Bird flying in an orange sky

Unsung heroes

by John Pettigrew

It’s a truism of the editor’s life that people only notice our work when things go wrong. So it’s fantastic when our work is recognised publicly by the people we work with. A couple of posts in recent weeks caught my eye that I wanted to share.

Writers and readers sometimes wonder why it takes so long to publish a book with a traditional house. Here’s why: every step of the process takes time.

So says author Holly Robinson in the Huffington Post. She goes on to say that “a copy editor is someone who takes out her bright lamp, microscope and fine-toothed comb. She nit-picks through each one of your pages… a fierce, mistake-seeking hound, nosing around in every dark corner of every paragraph to make sure you get things right. Thank God.”

Her main point is that:

Copy editors are worth their weight in gold, yet hardly ever garner a mention.

And, for the self-publishing author, she has a stark piece of advice: “if you have any extra funds, do yourselves a favor and hire a copy editor. Your books — and your reputation as a writer — will be better because of it.”

In film

Even film-makers are helping make the point. The Salon ran a piece a few weeks ago about a new Martin Scorsese film about the New York Review of Books. Among other points, the piece’s author (Laura Miller) reminds us of “another part of the editor’s job: Making writing happen in the first place.”

She opens the piece by recalling Andrew Solomon’s thoughts on reading the Amazon reader reviews for his book.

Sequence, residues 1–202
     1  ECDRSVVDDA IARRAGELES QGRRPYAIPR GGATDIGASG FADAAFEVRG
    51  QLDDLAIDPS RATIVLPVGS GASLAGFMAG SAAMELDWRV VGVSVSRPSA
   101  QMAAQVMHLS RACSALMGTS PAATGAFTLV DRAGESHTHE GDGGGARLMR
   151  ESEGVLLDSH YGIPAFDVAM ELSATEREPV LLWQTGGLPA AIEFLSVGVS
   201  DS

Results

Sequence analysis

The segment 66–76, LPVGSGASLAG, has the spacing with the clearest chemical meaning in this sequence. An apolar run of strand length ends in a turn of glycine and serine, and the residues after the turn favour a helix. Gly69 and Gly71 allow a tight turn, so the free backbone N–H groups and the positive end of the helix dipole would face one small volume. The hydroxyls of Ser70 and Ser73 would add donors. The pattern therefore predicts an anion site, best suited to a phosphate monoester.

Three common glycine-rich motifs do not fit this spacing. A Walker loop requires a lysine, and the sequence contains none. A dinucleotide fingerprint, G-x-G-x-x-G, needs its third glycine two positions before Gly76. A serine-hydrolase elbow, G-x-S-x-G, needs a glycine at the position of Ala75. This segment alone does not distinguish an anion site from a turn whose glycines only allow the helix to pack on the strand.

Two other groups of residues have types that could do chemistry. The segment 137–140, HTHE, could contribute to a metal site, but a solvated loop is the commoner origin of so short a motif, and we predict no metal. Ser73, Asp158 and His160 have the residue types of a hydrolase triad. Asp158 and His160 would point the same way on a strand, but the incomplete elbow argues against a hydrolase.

One reviewer objected to having to pay more that $9.99 for something that consisted of nothing more than electronic bits. “What about the 11 years of my life it took to write it?” Solomon asked plaintively. “What about the months my editor spent working on it?”

The investment of time and skill into writing by authors and editors is little appreciated. And it’s not a problem unique to publishing – all the creative industries have this problem. Music suffers just as badly (perhaps worse), with the huge arguments about Spotify and similar services that reward the artist only in tiny amounts for huge numbers of plays of their music.

I am convinced that there is still a place for people who create, and who help others to create. The rise of self-publishing is great, but it doesn’t help readers. Self-publishing is (let’s be honest) all about providing an avenue of expression for everyone who feels that they have something to say. After all, no reader ever woke up one day and thought: “You know, what I’d really like is a book that’s less well written, less clear and less well designed than the one I read yesterday.” Successful self-publishers realise this, and invest in a team to help them be the best writer that they can be.

Editors (of all the varied skills that live under that banner title) are central in this process, but are often hidden behind the veil of writerly mystique. And this is fine – the writer is, in most cases, the central person in the creative process. But the shy and retiring editor is essential for the writer to achieve greatness.

Maxwell Perkins, the editor who fought for (and with) such writers as Ernest Hemingway, F. Scott Fitzgerald and Thomas Wolfe, is regularly held up as the pinnacle of the editorial profession in years past. This praise is inevitably followed by the complaint that no one even tries to follow his example anymore. But then again, how would we know?

About the author

Hat wearer, recovering editor and now CEO & Founder of We Are Futureproofs, John Pettigrew has over 15 years of experience in educational, illustrated and academic publishing, and a history of successful print and digital product development.

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